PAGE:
Now, even having paid you are mainly kept behind barriers. I’m not against having a paid area, in the viewing stands, where you are guaranteed a seat, but to have no free area at all is a terrible shame.
It’s supposed to be a people’s festival, and it couldn’t be more different to the best carnival experience I ever had. And that was at….
Many moons ago, JF and I went to Trinidad carnival in Port-of-Spain. Billed as the “greatest show on earth” it’s hard to beat the incredible joie de vivre and effervescent happiness at this very special event. Everyone gets involved and it’s a spectacular leveler: for 3 days everyone is equal, no matter where you come from, what your socio-economic status is, your race, religion or sexual orientation, everyone joins in and is treated the same. I didn’t take many photos, this was pre-digital and certainly way before the convenience of a smart phone, but back in those days I made albums and stuck newspaper cuttings in alongside my photos. In the photos from the Trinidad Guardian below there are pictures of the Prime Minister’s wife and Leader of the Opposition, both in full “mas”!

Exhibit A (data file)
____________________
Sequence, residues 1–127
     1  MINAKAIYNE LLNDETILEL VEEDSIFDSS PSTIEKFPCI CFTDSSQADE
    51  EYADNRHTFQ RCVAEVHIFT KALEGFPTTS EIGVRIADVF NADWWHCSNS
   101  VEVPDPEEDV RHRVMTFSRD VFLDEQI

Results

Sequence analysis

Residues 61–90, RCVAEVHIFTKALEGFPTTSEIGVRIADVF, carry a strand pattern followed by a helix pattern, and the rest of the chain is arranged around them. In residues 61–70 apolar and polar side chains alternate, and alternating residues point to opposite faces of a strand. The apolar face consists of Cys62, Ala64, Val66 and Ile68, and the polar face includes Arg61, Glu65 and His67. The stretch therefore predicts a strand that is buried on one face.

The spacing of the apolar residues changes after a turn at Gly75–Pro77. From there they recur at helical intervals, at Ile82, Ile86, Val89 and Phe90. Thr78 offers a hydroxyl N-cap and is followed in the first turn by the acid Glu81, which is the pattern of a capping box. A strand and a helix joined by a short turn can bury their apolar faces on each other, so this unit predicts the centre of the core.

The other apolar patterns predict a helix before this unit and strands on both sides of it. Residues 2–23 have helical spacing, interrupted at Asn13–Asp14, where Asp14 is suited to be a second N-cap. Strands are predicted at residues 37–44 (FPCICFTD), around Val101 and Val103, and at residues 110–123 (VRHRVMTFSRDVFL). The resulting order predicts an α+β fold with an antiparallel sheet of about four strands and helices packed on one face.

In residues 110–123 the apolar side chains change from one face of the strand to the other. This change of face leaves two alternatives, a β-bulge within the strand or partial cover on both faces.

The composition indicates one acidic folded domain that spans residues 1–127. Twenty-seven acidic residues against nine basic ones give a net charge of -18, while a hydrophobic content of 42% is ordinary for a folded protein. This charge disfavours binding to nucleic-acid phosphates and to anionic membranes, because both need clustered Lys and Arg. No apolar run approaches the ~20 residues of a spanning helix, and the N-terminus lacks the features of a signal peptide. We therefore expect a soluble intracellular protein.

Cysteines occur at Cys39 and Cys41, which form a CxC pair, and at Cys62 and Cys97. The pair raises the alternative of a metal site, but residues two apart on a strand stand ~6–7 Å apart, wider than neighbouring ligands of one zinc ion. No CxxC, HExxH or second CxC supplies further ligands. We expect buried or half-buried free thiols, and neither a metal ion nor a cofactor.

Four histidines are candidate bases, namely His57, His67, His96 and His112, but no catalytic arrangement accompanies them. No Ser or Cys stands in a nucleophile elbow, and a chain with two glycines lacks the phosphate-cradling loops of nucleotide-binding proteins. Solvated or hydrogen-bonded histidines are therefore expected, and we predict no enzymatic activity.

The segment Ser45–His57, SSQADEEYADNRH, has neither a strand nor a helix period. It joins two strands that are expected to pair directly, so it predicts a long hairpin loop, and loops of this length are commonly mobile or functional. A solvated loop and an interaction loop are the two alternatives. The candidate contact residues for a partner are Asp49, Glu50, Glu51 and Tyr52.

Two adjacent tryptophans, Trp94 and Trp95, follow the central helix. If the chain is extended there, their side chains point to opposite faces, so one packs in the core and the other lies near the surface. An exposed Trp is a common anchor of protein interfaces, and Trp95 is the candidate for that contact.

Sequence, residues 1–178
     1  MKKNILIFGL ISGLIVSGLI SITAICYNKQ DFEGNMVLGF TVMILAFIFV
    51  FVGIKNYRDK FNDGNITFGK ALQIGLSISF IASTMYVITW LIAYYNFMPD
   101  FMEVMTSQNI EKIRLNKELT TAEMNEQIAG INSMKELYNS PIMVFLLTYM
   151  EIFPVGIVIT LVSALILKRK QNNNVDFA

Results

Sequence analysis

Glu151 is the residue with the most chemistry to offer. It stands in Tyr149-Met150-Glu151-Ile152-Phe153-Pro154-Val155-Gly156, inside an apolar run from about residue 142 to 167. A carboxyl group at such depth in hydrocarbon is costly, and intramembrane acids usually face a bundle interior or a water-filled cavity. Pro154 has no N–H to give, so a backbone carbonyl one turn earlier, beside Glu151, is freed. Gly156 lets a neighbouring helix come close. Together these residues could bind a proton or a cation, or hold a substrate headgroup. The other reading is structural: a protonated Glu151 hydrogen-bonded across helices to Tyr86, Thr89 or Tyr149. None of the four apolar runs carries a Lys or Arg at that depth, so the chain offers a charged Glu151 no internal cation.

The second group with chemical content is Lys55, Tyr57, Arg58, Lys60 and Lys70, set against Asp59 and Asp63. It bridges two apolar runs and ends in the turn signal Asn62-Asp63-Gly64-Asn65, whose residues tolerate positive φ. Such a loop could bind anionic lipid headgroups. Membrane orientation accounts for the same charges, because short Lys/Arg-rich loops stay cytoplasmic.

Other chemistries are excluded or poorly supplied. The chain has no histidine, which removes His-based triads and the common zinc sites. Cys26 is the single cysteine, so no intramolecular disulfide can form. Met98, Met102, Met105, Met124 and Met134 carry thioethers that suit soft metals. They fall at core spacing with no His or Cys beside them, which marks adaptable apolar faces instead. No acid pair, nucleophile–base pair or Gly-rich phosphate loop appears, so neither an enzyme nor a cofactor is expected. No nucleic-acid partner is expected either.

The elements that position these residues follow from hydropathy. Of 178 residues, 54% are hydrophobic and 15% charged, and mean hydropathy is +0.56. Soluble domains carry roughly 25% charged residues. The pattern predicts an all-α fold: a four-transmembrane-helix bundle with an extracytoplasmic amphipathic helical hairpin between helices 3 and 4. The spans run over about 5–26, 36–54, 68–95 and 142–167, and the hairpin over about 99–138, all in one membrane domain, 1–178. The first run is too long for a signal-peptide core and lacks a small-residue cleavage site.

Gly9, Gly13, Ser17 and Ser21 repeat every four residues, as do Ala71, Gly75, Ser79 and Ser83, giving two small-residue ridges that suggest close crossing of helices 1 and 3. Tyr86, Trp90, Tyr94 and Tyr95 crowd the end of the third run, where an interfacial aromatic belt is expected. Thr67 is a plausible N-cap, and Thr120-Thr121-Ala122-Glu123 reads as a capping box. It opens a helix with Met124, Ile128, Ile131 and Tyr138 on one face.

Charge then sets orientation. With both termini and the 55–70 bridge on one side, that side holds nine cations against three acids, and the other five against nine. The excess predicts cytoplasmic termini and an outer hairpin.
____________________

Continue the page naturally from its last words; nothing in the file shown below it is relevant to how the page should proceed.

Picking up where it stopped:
“Mas” is short for masquerade, in other words, dressed up/in costume/in disguise. Bands have a theme and locals and people from all over the world alike can sign up to join the band, wearing the appropriate “mas”. For a good description of joining a band read here.